Following on from my last post, here is the second #16 spider that proved succesful in flat calm conditions during a recent trip. Subconsciously, I’d tied a Kate McLaren…well almost!
You know how it is when you have something in mind at the tying bench but you’re not sure exactly what the finished fly is going to look like? I wanted a small black spider pattern to fish in flat calms, but one with a little bit of sparkle and a hint of colour to make it stand out in a crowd of naturals. It was going to be one of those eye of toad, wing of bat tying sessions! A bit of this and a bit of that, tied round a #16 Kamasan B175. By the time I had whip-finished the head of the fly I’d realised I had a Kate McLaren in my vice. Well almost anyway. The Kate McLaren of course sports a black palmered cockerel hackle along the body and a red game hen hackle at the head of the fly. The finished fly does however have a passing resemblance to the Kate McLaren, which is a fantastic fly for the wild brown trout inhabiting our lochs. It was also the fly that I caught my first loch dwelling brown trout on. From what I understand the Kate McLaren was first tied in the 1930s by a Glasgow tackle dealer for his friend. The tackle dealer then kindly named it after the recipients wife Kate. Initially a seatrout pattern it has become an essential (and famous) wild brown trout pattern for the lochs ever since.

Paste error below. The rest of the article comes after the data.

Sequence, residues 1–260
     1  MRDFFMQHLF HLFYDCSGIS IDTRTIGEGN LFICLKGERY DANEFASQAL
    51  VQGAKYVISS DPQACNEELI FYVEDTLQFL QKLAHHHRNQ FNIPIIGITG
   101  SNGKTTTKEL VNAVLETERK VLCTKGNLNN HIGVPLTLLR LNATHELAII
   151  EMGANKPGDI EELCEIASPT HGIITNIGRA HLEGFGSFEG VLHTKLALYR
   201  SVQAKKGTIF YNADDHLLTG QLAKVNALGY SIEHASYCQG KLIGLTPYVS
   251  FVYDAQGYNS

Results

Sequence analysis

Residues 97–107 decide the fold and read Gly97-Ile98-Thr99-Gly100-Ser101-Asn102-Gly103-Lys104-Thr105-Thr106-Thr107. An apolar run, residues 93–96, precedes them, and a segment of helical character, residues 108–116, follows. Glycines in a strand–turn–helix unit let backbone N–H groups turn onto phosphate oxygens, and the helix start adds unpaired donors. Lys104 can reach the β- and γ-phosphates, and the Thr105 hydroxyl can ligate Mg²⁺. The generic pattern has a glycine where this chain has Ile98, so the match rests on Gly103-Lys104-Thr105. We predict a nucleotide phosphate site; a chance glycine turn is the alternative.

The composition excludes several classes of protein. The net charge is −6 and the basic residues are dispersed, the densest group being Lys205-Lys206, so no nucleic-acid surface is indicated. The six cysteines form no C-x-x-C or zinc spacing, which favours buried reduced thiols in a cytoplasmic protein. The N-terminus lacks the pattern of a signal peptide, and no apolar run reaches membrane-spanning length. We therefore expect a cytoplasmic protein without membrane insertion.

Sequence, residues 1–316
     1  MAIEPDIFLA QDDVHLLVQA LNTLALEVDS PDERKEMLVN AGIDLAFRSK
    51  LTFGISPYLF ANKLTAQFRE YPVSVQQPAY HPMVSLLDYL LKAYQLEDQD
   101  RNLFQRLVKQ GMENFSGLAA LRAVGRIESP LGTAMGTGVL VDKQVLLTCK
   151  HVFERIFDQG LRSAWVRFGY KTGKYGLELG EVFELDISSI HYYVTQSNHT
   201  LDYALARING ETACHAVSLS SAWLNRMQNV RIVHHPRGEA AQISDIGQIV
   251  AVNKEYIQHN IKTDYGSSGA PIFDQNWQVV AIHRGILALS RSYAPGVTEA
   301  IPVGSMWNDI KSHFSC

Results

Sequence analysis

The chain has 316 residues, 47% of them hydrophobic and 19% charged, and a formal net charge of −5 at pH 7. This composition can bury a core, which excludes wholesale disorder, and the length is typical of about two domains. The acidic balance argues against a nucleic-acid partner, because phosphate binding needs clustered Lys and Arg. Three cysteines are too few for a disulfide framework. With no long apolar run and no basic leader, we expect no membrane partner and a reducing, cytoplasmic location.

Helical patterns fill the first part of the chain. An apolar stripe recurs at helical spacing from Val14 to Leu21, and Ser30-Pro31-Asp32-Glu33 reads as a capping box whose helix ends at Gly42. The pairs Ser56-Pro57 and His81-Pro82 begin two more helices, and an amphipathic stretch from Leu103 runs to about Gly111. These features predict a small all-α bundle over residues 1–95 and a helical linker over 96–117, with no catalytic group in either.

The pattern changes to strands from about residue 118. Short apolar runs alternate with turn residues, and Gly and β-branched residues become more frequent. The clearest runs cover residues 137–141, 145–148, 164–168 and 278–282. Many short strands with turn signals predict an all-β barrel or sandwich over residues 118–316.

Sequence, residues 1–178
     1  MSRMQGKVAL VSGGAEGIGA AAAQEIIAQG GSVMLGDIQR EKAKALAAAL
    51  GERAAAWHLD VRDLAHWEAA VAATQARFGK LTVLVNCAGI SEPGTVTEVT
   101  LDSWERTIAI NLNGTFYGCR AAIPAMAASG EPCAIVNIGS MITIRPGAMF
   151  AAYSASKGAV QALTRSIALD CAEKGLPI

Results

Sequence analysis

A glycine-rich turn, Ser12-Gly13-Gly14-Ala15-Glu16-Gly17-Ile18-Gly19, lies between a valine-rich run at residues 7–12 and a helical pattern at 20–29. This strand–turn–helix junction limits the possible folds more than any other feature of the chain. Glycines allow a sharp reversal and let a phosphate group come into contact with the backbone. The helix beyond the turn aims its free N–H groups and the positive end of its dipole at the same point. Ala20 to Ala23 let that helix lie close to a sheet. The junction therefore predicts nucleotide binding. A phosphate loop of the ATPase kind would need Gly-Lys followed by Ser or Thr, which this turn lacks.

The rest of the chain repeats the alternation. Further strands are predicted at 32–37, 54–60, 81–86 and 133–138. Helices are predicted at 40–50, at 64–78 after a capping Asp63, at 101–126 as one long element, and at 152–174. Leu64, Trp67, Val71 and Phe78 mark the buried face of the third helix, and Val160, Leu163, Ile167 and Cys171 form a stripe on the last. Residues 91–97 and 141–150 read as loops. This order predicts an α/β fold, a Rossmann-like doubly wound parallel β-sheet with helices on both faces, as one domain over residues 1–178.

So, with my black and slightly sparkly spider pattern loosely in mind, I put a #16 Kamasan B175 into the vice. I played around with gold and silver tag materials but settled on copper tinsel. The pheasant crest tail and silver wire rib were added and a very light and fine black dubbing was used to create the body. After ribbing the body with the wire a soft black hen hackle was wound and the head whip finished.
Initially it did not do too badly in the flat calm conditions and we will see how it goes over the season ahead. It is a nice wee pattern and I quite like seeing it in my box of flies. It does add a splash of colour and a bit sparkle to the box. One thing is for sure: if it is even a tiny bit, no wait, even a tiny-miniscule bit as succesful as the original Kate McLaren I will be a very happy angler indeed!